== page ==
Archive for thomas hardy

Tess of the d’Urbervilles

Posted in book reviews with tags , , , on September 14, 2010 by acousticchick
Thomas Hardy is a terrible, terrible novelist. Someone must have told him that a really good book is dripping with sentimentality, contains unbearably long-winded descriptions of meadows (not that much to describe, really, about a meadow) and also detailed dairy-farming techniques, and has no discernible message. And instead of using his brain and realizing that these things made for a book that inspires only incredulity, Hardy took the advice and gave the world ‘Tess of the d’Urbervilles.’ Which, may I emphasize, the world could have lived without.
Tess takes center stage in the book. She’s supposed to be spirited and courageous, but all she does is martyr herself into a puddle of victim-goo through the whole thing. The reader is obviously meant to exclaim, “Oh, how very sad!” at every chapter, but Tess’s woebegone passivity is more likely to induce nausea than sympathy. To illustrate this, I have provided an outline of the events of the book.
A) Tess’s cousin hits on her in a way that would be creepy and annoying even if they weren’t related (and yes, I know it didn’t matter back then).
B) Tess, refusing to stand up for herself, keeps getting stuck alone with the guy.
C) He rapes her and then disappears, leaving her to deal with the rape-baby, which dies.
A) Tess meets Dreamboat Man. High-school drama ensues. All the chicks on the farm make ga-ga eyes at the guy.
B) Dreamboat Man falls for Tess and proposes seven or eight times. Tess whines that she can’t marry him, but won’t tell him why. She does finally accept.
A) Dreamboat Man confesses that when he was younger, he spent some time carousing with French girls.
B) Tess says it’s no big deal, and tells him about the rape.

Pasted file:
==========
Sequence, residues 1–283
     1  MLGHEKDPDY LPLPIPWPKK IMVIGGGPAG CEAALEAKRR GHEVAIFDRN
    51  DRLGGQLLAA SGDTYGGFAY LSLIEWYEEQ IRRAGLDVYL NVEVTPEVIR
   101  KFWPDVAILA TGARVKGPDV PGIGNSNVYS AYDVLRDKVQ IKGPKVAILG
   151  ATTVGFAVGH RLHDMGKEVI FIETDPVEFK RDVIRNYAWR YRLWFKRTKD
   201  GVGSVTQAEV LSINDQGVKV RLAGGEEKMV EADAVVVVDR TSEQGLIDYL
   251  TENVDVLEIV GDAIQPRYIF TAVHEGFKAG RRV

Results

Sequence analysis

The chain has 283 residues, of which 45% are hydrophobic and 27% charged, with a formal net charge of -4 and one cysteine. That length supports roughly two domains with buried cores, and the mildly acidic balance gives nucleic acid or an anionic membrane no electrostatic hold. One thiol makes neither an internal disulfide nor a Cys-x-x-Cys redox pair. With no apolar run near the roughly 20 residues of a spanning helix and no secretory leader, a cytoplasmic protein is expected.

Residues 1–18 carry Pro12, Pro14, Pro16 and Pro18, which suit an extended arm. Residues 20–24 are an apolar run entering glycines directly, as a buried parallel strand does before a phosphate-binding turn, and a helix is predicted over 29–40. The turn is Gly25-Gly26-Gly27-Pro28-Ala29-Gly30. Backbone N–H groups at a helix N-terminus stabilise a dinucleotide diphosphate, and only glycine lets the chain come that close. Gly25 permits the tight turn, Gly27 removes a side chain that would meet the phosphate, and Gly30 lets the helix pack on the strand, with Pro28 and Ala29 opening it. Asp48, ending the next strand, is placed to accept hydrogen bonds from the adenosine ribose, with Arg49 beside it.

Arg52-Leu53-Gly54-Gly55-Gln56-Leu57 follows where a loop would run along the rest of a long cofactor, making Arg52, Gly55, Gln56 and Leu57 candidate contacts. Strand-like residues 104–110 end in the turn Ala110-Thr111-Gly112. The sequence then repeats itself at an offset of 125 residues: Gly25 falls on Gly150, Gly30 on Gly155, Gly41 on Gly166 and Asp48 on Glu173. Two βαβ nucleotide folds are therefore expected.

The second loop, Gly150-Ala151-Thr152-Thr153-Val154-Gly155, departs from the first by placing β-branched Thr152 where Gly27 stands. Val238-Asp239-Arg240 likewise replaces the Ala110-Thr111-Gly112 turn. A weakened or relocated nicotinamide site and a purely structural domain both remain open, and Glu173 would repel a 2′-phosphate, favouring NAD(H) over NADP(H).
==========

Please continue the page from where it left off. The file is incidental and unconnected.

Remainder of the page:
C) Dreamboat Man absolutely freaks out, says she’s not the woman he thought she was, and moves to Brazil indefinitely.
A) Except now he’s a preacher and very, very sorry.
B) He also thinks Tess should marry him. When she says no, he makes her swear she’ll never “tempt him” again. There is a disturbing lack of irony in this scene. The author may as well have said the rape was Tess’s fault. This notion is strengthened by the fact that Tess reacts not with indignation but with blank-faced assent.
C) Tess writes frantic letters to Dreamboat Man, begging him to come back.  When he doesn’t, she marries the guy who raped her because he has money.
A) He tracks Tess down and says he’s sorry. Tess’s reply is the one cool thing that happens in the book: She remembers she has a backbone and says coldly, “Too late.”
B) When Dreamboat Man leaves, Tess goes upstairs to talk to her rapist husband. She screams that he ruined her life and then sticks a knife in his chest. This might have been a good twist if the author hadn’t submerged the whole scene in melodrama and whining.
C) Unfortunately, Tess completely negates her earlier moment of mettle by running after Dreamboat Man. Er, happily ever after right?
A) Tess and Dreamboat Man wander through the forest together in a fog of secluded bliss.
B) Then they find Stonehenge. Tess declares that she and Dreamboat Man aren’t meant to be happy, and allows herself to be killed by druids. Which appear out of nowhere.
Far from being a strong role model for sufferers of adversity, Tess blames herself and takes injustice as though it’s exactly what she deserves. Thomas Hardy hasn’t presented an example of triumph or hope, but one of miserable acceptance. There’s nothing inspiring about this novel, and I’ve proved that you never need to read it. You’re welcome.